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Burkett v. Arkansas Department of Human Services

Court of Appeals of Arkansas, Division II

November 30, 2016

MICHAEL BURKETT, SR. APPELLANT
v.
ARKANSAS DEPARTMENT OF HUMAN SERVICES AND MINOR CHILDREN APPELLEES

         APPEAL FROM THE BENTON COUNTY CIRCUIT COURT [NO. 04JV-2016-24-3] HONORABLE THOMAS SMITH, JUDGE

         AFFIRMED

          Tabitha McNulty, Arkansas Public Defender Commission, for appellant.

          Mary Goff, Office of Chief Counsel, for appellee.

          Chrestman Group, PLLC, by: Keith L. Chrestman, attorney ad litem for minor children.

          RITA W. GRUBER, Judge.

         Michael Burkett, Sr., appeals from the Benton County Circuit Court's order adjudicating his two children-M.B. (8/9/08) and A.B. (8/30/10)-dependent-neglected and terminating his parental rights. His sole argument on appeal is that the circuit court abused its discretion in denying his motion to stay the proceedings or, in the alternative, to seal his testimony. We hold that the circuit court did not abuse its discretion, and we affirm its order.

         Because appellant has not challenged the circuit court's decision adjudicating the children dependent-neglected or its findings regarding termination of his parental rights, only a brief recitation of the facts is necessary. At the time this case was initiated, appellant and the children's mother, Melinda, were divorced, and she had remarried Charles Taldo. Appellant had custody, and Melinda had regular visitation. While the children were visiting the Taldos over the Christmas holidays, M.B. was discovered squatting in the bathtub touching his anus. Melinda asked him about the behavior, but he would not speak to her about it. He then told Charles that appellant had touched him inappropriately.

         On January 3, 2016, Early Mallow, a forensic interviewer at the Benton County Children's Advocacy Center, interviewed M.B., who told her that when he was six, "his dad . . . put his mouth on his private and moved his head back and forth." Because Melinda did not have legal custody of the children, the Department of Human Services (DHS) filed a petition for emergency custody, and the court entered an order granting the petition on January 5, 2016. During the investigation, authorities also discovered that one of appellant's nephews had alleged that he had been sexually abused by appellant. Appellant was subsequently arrested and charged with two counts of rape.

         In the probable-cause order entered on January 12, 2016, the court set the adjudication hearing for February 23, 2016. On February 23, 2016, DHS and the attorney ad litem filed a joint petition to terminate appellant's parental rights. The court also entered an order that day finding good cause to continue the adjudication hearing until April 19, 2016, noting that the parents had waived objections to holding the hearing within the statutory time frame.[1] The court set the termination hearing for the same day.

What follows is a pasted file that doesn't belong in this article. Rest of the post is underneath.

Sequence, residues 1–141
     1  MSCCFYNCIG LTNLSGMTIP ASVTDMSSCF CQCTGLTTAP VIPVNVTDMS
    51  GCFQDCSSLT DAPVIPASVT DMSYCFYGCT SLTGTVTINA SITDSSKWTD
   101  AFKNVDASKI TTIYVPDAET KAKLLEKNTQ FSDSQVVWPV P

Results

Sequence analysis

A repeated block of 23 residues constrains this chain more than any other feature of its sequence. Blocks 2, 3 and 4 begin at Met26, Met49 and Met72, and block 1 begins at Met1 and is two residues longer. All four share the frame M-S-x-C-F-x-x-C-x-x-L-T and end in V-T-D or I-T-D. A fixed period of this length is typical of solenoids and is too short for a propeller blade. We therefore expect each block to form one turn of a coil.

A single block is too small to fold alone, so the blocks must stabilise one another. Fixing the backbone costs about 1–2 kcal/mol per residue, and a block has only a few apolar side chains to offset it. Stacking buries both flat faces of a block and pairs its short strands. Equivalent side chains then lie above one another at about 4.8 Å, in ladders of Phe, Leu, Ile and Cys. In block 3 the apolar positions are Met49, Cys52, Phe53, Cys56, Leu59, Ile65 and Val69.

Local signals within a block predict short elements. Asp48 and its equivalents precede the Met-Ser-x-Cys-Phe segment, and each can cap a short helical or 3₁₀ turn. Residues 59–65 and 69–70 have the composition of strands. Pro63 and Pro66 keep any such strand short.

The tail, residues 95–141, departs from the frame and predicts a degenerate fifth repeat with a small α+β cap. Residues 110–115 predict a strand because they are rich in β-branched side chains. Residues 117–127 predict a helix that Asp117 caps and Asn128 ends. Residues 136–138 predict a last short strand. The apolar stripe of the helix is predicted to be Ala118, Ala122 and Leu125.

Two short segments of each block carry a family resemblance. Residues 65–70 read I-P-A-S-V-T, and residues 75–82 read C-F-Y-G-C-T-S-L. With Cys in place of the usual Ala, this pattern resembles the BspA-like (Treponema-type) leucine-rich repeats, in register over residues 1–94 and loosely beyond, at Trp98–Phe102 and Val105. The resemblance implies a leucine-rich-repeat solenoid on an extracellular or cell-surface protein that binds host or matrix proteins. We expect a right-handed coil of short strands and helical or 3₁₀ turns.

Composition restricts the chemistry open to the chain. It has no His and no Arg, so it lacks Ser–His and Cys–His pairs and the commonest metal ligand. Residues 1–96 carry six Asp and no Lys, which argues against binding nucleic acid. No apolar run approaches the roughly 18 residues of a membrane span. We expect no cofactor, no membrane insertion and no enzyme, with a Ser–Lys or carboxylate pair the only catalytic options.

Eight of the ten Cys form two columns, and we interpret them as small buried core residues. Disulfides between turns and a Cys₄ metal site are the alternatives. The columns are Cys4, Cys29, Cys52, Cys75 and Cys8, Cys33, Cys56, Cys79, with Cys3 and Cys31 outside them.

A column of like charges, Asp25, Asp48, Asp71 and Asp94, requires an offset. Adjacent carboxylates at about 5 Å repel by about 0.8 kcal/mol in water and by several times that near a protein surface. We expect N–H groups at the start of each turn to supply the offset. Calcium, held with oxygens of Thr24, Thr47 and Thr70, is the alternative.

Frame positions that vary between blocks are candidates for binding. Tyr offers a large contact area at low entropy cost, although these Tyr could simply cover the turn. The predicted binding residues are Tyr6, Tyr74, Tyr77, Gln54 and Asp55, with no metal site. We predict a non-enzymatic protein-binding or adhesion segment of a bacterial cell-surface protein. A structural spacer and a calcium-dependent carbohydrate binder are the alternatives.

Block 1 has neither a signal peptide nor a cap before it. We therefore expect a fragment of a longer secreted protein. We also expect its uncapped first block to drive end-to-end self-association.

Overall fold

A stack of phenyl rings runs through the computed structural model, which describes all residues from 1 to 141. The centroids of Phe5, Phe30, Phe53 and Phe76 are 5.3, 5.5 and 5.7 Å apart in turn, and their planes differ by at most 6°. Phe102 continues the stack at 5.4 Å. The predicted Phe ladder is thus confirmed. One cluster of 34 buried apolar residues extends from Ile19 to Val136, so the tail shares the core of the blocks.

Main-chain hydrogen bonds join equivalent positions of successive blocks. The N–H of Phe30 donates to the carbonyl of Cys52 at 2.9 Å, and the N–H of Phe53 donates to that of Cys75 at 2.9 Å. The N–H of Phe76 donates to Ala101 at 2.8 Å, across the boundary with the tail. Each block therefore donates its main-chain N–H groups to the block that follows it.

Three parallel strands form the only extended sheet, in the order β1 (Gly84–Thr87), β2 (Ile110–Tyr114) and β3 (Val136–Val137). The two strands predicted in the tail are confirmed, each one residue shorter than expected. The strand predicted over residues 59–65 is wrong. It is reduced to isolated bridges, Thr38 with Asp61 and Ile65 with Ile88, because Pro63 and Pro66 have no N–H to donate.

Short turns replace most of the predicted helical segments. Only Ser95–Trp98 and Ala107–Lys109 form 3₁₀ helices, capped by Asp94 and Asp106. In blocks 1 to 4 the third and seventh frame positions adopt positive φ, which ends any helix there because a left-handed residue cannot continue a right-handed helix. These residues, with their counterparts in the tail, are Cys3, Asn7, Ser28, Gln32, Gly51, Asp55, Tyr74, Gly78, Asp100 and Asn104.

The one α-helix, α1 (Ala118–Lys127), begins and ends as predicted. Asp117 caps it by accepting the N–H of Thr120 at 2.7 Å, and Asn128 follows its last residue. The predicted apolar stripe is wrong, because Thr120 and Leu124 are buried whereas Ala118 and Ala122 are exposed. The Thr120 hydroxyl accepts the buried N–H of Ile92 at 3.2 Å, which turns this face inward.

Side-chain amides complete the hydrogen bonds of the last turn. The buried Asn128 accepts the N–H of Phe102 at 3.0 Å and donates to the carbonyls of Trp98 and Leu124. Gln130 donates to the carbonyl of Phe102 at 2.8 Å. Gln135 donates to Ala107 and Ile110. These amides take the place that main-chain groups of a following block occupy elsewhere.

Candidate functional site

On March 31, appellant filed a motion to stay proceedings and an accompanying brief, stating that he was incarcerated and was facing criminal charges stemming from the same facts giving rise to the adjudication and termination. He claimed that he intended to invoke his Fifth Amendment right to remain silent at the adjudication and termination hearings and that his inability to speak in his own defense at these hearings would severely impair his ability to defend himself. Thus, he argued, the finding of dependency-neglect or termination of parental rights in such circumstances would unlawfully penalize him for asserting his Fifth Amendment right. He also argued that proceeding with the adjudication and termination hearings would unconstitutionally impair his Sixth Amendment right to effective assistance of counsel in his criminal trial because it would impede his criminal counsel's ability to prepare his case. Specifically, he argued that DHS's presentation of evidence against appellant would deny his criminal attorneys the opportunity to effectively cross-examine witnesses in the criminal trial due to the different admissibility standards in civil and criminal trials. And, appellant claimed, this could subject him to the introduction of evidence at his criminal trial that would otherwise be constitutionally inadmissible.

         The combined adjudication/termination hearing was held on April 19, 2016. When DHS called appellant to the stand, he renewed his motion to stay proceedings on the basis of his constitutional rights under both the Fifth and Sixth Amendments. The court denied the motion, reasoning that appellant's criminal case had not been set for trial and that the case could constitute "a majority of this child's life, that [the court] did not think warrant[ed] the staying of this proceeding." Appellant's counsel confirmed that he was not aware of a trial date having been set. In addition, the court noted that, in light of the $200, 000 bond, appellant would presumably be in jail during the pendency of the case. The court denied the motion, concluding as follows:

I don't ever allow the child's best interests to be put on hold, when it comes to a criminal proceeding that may take one year, two years, or three years. The interests of the children need to be placed first, at all times, in this Court.
The court also responded to appellant's alternative motion for a protective order or ...

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